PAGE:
Doing things

4 Feb 2021

This week: Imagining what the experience will be like – when we’re allowed out to shop, gawk, browse, eat, and practice being human again.



Pop quiz: what percentage of overall sales does online now represent worldwide? Answer: 16%. After a paradigm-shifting year, that’s smaller than you expected, eh? Even Facebook’s latest earnings report warns of “the pandemic-era e-commerce boost backsliding” as more people are vaccinated.

So let’s all take a breath, check our preconceived notions, and look at some facts.

• For brands playing the long game, brick-and-mortar is an integral part of their strategy. Allbirds is adding to its list of stores. Allure magazine is opening a shop in NYC featuring editor-curated products. “I think consumers today shop through media… the store we’re going to open is built entirely around that sort of future – this immersive environment which is created by experts,” said Markus Grindel, an MD at Allure’s publisher Condé Nast. Execs at Isabel Marant have more doors planned for 2021, citing its strategic locations in pedestrian neighbourhoods for helping it remain profitable. (Sidenote: this tracks with the rise in the UK of local shopping as people stick closer to home).

• A COVID trend that will have knock-on effects for in-person retail? Remote working, which analysts believe is here to stay. “Fewer commutes will scramble consumer mobility patterns, which determine in large part how people spend their money,” reported Bloomberg. It’s looking like where they spend is also changing. In the U.S., where Tennessee now tops the list of states people moved to last year, smaller cities are poised to become powerhouses. “One of the companies on the move could take off… and trigger the complex domino effect that creates a new hub: a Quantum Valley in Austin, or Wall Street South in Miami,” wrote Derek Thompson in The Atlantic.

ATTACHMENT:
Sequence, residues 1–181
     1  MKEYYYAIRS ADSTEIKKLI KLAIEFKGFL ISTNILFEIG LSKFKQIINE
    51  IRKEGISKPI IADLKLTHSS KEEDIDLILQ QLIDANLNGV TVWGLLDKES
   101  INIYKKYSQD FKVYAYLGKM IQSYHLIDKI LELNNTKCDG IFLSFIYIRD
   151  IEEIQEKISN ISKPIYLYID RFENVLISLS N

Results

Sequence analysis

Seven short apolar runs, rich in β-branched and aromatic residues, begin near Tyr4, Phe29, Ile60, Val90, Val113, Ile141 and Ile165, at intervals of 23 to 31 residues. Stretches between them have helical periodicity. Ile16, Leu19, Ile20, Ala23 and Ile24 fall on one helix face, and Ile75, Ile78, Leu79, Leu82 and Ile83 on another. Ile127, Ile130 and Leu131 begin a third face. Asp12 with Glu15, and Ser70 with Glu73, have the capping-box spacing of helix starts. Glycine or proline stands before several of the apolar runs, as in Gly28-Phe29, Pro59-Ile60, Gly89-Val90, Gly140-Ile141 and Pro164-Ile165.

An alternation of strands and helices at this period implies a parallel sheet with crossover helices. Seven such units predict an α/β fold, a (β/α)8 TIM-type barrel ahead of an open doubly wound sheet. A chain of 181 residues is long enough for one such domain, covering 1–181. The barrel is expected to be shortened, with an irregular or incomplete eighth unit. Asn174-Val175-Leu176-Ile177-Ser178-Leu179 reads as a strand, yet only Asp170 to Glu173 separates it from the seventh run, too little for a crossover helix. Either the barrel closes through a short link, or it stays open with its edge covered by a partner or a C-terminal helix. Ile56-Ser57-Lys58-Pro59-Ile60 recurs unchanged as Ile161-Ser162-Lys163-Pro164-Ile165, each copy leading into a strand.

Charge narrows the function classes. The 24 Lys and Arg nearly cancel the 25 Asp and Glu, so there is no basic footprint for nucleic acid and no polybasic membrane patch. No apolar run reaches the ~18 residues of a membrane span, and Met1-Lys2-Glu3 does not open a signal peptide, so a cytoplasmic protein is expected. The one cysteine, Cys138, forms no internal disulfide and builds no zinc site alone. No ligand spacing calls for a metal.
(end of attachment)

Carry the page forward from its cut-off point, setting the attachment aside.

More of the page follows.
• Online is oversaturated. “In 2021, what’s old will be new again in marketing,” ran a headline in Clickz. Corporate-speak: “The future of marketing is experience first, no matter the use case.” In plain English: everyone just wants to have a good time. Look no further than 7-Eleven’s latest three-birds-with-one-stone effort – a new experiential concept store, launching as an Airbnb, transformed into a “gaming palace” for the occasion. Sanitiser included, of course.

About digital dominating? Much like yourself right now, in-person ain’t going nowhere. Just saying.


We’ve been livin’ in a waist-up world for far too long. What’s shopping going to be like when we’re let loose? (We promise, we won’t say “immersive” again).

• “Experts suggest that brick-and-mortar stores are about to get more fun, because they’ll be devoted exclusively to entertainment and discovery,” reported Fast Company. British skate brand No Chaos is opening a Covent Garden store this spring, replete with a basement half-pipe and arcade. With ambitions of being “a hub for all skate lovers,” co-founder Jamie Wilson points to their subterranean fun zone as a way to “reach and entertain more of our customer base.”

• In a world where safety is still top of mind and everyone’s been dealing with decision fatigue, retailers are going small. “[Brands] are betting that when we do venture out… we will want stores that do not overwhelm us,” reported Forbes. Ikea is set to unveil scores of small-format locations worldwide. Fashion label Norwegian Rain opened a “Compact Store” in Copenhagen at the end of last year, with only six styles on display. Even grocery stores are downsizing, with flexible floor plans that incorporate community event spaces.

• It’s going to be about connection. To make people feel good in a place, there’s really no tech needed. “Although the experiential world has become obsessed with technology, this experience showed me it doesn’t have anything to do with tech,” said Karen Genauer, who collaborated with friends, local artists, and out-of-work chefs to create Triangle Loft, hosting COVID-safe lounges in NYC’s Meatpacking district. “You need humans to create that experience. It just doesn’t happen otherwise.”

Online shipping is convenient, but there’s nothing particularly amusing about it, is there?

Calling retail “experiential” may have felt rather redundant before, but when we’ve missed out on experiencing experiences for a year, it’s become a distinction we crave.

It won’t be too much longer now, and oh, the places you’ll go!

Words by Amy Tai, creative consultant and native New Yorker now based in London.